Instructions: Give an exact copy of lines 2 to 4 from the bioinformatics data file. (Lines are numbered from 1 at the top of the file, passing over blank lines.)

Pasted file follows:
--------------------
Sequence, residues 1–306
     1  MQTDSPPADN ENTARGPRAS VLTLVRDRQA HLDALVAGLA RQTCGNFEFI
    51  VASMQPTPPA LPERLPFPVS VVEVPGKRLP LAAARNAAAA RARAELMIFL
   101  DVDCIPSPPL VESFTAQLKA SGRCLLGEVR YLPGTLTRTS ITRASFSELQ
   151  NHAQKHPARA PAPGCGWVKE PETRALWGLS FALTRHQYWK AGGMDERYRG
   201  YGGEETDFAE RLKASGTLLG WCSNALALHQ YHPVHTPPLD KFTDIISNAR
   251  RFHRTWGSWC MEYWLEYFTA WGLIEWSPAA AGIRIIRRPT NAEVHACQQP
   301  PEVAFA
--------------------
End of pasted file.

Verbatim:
     1  MQTDSPPADN ENTARGPRAS VLTLVRDRQA HLDALVAGLA RQTCGNFEFI
    51  VASMQPTPPA LPERLPFPVS VVEVPGKRLP LAAARNAAAA RARAELMIFL
   101  DVDCIPSPPL VESFTAQLKA SGRCLLGEVR YLPGTLTRTS ITRASFSELQ